January 30, 2017 by Lyn Thorne-Alder
It seemed that being in the favor of the Emperor, at least for the moment, had a few immediate benefits.
One of those was being in charge of the imperial bureaucrats as they searched the Library. Enrie had never been in charge of people before and she found it very educational. She had also not spent that much time around imperial bureaucrats, and she found that educational as well.
It also had some less educational perks. Somehow, Emperor Edemietridem had gotten word of Enrie and Gianci’s plans to go to the goat races — Enrie assumed that Wiltemika had told him for some reason — and had gotten them very nice seats in a private box right near the starting line.
She hadn’t been alone with Gianci in weeks, and while this might not count as discreet — the box was visible to most of the rest of the stands — they had no team-mates, no room-mates, and no teachers anywhere near them.
Gianci held out his arm invitingly, and Enrie took the invitation, slipping under his arm so it landed on her shoulder and she could rest her head on his chest. With snuggling in mind, she’d braided her hair flat to her head and simply, so that it didn’t cause any unfortunate lumps.
His arm felt nice there, settled carefully around her shoulder, and his heartbeat sounded fast under her ear. “I was beginning to think this would never happen,” he murmured. The goats and their riders, skinny jockeys in bright colors, their hair all coiled up in old war-patterns, were lining up. The announcer was describing their exploits, riders and goats both.
Enrie scooted a little closer to Gianci. “I was beginning to fear we’d be graduated before we got to it,” she admitted. “Or old and grey-haired, with stoops and canes.”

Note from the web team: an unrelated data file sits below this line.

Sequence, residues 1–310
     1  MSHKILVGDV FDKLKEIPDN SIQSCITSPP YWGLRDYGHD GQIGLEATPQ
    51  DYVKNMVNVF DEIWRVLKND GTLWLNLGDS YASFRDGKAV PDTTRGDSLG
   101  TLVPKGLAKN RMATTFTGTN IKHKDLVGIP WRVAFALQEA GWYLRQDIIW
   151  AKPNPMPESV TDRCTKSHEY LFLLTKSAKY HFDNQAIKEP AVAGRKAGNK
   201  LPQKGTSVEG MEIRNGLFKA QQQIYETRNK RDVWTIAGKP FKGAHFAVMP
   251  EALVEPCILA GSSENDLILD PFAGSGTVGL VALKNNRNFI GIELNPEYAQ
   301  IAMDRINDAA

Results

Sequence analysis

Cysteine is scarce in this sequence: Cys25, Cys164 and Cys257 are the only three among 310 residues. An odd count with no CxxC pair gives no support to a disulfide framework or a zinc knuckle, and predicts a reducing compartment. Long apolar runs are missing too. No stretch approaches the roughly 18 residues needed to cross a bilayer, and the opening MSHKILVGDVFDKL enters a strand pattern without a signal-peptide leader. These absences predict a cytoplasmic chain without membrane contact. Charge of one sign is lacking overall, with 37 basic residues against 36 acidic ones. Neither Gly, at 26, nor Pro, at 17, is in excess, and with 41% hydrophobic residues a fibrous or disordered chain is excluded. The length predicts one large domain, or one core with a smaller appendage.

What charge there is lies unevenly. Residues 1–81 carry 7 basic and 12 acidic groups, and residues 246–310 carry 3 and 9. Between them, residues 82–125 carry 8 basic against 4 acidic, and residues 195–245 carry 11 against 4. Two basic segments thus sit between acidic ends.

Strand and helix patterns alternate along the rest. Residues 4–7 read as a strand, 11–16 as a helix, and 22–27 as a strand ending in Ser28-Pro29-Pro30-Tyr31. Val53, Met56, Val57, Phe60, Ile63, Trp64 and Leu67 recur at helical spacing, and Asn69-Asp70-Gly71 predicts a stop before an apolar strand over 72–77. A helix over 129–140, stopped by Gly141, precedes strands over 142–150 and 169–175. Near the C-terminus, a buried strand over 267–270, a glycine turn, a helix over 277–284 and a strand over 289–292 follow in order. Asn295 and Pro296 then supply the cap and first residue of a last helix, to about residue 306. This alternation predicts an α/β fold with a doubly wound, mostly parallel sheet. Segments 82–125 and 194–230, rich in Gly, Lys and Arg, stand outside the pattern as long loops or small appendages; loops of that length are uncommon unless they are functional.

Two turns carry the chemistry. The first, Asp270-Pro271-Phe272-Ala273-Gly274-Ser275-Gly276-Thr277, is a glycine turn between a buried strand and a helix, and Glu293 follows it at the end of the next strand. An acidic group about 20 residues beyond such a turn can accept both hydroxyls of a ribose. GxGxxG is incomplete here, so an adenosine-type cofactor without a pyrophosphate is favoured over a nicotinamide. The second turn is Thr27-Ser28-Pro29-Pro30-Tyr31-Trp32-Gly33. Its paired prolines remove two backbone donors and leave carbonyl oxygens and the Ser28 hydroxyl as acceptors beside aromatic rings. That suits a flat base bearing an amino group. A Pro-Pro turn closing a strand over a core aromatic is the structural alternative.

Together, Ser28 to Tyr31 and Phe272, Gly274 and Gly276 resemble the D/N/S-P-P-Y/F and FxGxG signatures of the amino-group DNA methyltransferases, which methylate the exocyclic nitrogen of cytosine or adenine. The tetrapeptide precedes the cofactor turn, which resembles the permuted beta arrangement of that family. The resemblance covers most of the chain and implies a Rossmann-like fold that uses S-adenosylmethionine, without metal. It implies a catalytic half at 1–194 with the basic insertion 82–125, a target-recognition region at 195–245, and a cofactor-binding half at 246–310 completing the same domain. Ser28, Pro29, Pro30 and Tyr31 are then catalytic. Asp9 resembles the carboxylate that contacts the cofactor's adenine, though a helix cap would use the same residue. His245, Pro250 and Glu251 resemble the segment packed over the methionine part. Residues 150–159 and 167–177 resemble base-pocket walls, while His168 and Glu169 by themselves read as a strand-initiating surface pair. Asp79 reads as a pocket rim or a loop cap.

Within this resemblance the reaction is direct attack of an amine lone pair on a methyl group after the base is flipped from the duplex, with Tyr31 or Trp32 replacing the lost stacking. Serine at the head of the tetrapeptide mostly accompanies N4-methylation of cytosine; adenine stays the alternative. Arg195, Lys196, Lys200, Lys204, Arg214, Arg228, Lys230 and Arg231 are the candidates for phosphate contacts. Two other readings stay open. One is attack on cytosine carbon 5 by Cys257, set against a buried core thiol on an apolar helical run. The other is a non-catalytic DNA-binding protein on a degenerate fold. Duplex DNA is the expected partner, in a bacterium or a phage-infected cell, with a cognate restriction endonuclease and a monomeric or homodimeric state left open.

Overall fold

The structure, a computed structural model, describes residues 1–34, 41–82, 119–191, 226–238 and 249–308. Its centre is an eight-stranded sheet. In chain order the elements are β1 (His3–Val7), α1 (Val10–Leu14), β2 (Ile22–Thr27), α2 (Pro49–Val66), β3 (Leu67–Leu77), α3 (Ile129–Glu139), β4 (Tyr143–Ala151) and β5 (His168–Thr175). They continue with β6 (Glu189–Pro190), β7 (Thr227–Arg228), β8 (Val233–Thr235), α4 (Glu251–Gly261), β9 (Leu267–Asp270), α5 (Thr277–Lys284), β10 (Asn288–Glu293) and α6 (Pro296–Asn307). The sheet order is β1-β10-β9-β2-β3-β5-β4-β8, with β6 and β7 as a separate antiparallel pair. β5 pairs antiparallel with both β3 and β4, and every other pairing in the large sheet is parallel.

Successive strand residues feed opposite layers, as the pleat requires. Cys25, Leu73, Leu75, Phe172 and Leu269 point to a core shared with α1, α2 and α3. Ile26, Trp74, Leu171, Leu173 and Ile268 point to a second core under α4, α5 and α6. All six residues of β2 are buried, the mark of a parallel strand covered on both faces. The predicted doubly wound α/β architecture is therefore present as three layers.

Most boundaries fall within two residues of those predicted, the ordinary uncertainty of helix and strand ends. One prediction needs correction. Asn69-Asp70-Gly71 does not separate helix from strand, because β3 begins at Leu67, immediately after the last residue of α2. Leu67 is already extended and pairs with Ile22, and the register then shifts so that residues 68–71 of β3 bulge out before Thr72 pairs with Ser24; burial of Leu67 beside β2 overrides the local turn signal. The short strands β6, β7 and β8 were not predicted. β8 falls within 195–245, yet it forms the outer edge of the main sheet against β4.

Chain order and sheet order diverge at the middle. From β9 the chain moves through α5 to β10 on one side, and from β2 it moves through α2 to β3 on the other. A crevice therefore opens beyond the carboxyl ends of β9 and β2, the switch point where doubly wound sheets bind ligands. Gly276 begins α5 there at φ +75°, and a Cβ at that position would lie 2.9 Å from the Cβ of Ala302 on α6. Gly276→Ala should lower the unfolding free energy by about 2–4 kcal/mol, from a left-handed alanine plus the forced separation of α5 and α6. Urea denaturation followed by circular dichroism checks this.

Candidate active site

“I feared we’d never get to this.” He brushed his lips against her cheek. “You knew I thought you were lying.”
“I did. And I felt bad for it, too. But — well, that all worked out in the end.” She turned her head so she could touch his lips with hers in a very light kiss.
“Until the next emergency,” he teased. “Or until the Emperor himself needs your expertise.”
Enrie ducked her head, but she was smiling. “I think it’s some other team’s turn next. Maybe Riensin and his brother can get into some trouble. Or Larrabietta, or poor Lovdyo.”
“I think it’s Saydrie’s turn first, isn’t it?” Gianci grinned at her. “First Tairiekie had that mess where someone conked her over the head — and now you had this whole thing with the treaty. You don’t want to deny Saydrie his fun.”
“Well, maybe he can get into a little bit of fun now, while we’re here.” Enrie tried not to think about the Cevati Bitrani and the anger they’d been throwing around, or what the treaty she’d found might to do relations with the enclaves. She couldn’t help but think about Lirnilalie a little bit, though. “When Lirnilalie’s arms… lit up…” she offered cautiously.
“The whole place stank like rotten eggs and bad milk. It was horrid.” Gianci pinched his nose. “I can see why she lost her place in the succession. She was awful.”
“She really is awful.” And, as far as they knew, she was still out there. She cuddled closer to Gianci, suddenly feeling cold. “But we’re here now. Hey, look at number seven go! Like he’s lined his hooves with aether!”
“Oh, I think my money’s on number five, in the red-and-green. Look at the way he’s head-butting aside number three. He’s not playing around.”
“Oh, but number three is spry!”
Enrie squeezed Gianci’s hand. They might not be done with their problems, but they could be done for a few minutes.